LOS ANGLELES, Calif.– Multi-award winning Native American director/producer Chris Eyre brings an indie director’s sensibility to prime time television in the third season of NBC’s ‘Friday Night Lights.’ Eyre directed the seventh episode of ‘Friday Night Lights’ entitled ‘Keeping Up Appearances,’ which will air on Friday, February 27, 2009, 9/8 central. This is the second time Eyre has crossed over from feature films to mainstream prime time television after directing an episode of NBC’s ‘Law & Order: Special Victims Unit’ that aired on December 9, 2008. The loose style, spontaneity and free-flowing camerawork of ‘Friday Night Lights’ was uniquely suited to Eyre’s senses that are based in human drama, comedy and spirit, as seen in numerous feature films from ‘Smoke Signals’ through ‘Edge of America’.
Eyre’s debut film, ‘Smoke Signals’ (1998), won the coveted Sundance Film Festival Filmmakers Trophy and the Audience Award, and was hailed as a breakthrough film that transcended stereotypes to capture contemporary Native American lives and humor. Eyre’s strengths as a filmmaker grew with subsequent films – ‘Skins’ starring Graham Greene and Eric Schweig – a gritty tale of two brothers on the Pine Ridge Reservation and ‘Edge of America’ – the powerful and provocative true story of a Black high school basketball coach who takes an underachieving Native American girl’s team to the State finals. ‘Edge of America’ was selected as the opening night film of the 2004 Sundance Film Festival and brought Eyre a DGA’s award for Outstanding Directorial Achievement — the first Native American to win a DGA award. Eyre also directed ‘A Thousand Roads,’ the award-winning, wide screen, dramatic signature-film of the prestigious Smithsonian’s Nat’l. Museum of the American Indian, selected to premiere at Sundance, followed by an unlimited run in the Smithsonian’s surround sound theater in Washington, DC.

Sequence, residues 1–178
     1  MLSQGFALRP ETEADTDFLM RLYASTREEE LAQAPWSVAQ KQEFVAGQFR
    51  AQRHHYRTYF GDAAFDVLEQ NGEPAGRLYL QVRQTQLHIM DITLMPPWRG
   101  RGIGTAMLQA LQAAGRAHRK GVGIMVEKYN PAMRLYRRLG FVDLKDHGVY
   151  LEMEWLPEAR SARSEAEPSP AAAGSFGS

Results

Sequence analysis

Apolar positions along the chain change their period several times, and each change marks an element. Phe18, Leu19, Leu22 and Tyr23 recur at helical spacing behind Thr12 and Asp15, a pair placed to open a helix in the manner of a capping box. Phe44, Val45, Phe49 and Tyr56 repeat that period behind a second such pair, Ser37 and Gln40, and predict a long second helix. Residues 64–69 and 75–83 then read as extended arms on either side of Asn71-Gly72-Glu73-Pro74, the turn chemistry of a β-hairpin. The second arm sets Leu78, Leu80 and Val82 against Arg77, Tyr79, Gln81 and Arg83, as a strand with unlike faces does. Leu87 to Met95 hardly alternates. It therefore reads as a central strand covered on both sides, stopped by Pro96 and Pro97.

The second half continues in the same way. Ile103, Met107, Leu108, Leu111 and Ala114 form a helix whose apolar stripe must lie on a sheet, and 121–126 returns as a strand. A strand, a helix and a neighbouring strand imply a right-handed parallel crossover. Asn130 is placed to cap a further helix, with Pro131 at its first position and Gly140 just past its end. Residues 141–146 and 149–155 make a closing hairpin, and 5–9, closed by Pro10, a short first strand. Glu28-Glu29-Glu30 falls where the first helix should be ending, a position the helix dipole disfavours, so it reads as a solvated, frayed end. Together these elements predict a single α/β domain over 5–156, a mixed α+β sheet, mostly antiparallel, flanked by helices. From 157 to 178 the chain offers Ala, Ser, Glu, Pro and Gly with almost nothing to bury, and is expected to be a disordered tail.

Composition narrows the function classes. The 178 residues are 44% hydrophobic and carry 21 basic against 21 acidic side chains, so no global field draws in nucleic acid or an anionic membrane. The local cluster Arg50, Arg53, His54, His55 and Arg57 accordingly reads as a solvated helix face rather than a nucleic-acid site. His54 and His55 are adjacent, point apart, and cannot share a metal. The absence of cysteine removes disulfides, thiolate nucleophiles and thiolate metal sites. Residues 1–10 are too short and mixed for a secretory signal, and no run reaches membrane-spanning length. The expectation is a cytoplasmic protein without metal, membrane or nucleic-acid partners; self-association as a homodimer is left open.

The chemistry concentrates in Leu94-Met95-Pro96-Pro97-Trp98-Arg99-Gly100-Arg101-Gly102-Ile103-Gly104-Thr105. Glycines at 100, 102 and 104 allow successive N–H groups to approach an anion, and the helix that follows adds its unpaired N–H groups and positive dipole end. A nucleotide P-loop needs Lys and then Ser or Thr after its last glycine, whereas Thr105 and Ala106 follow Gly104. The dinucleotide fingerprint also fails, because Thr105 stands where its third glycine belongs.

‘I am happy to be working and continuing to tell stories that reflect on the wealth of good people and their characters. I believe stories do change the world in any form.’ Said, Eyre recently of his move into television.
Eyre has also just completed production of the landmark PBS series ‘We Shall Remain’ set to air this April 2009. ‘We Shall Remain,’ is one of the most ambitious television series on Native history ever produced, involving a five-part multifaceted story of Native perseverance that spans three centuries – from the battles of the Wampanoags of New England in the 1600’s to the American Indian Movement leaders of the 1970’s, who harnessed the momentum of the civil rights movement to forge a Pan-Indian identity.
In addition to film awards, Eyre was named a 2007 Rockefeller Foundation Fellow with a $50,000 grant and named by United States Artists as one of the 50 most important American artists of 2008.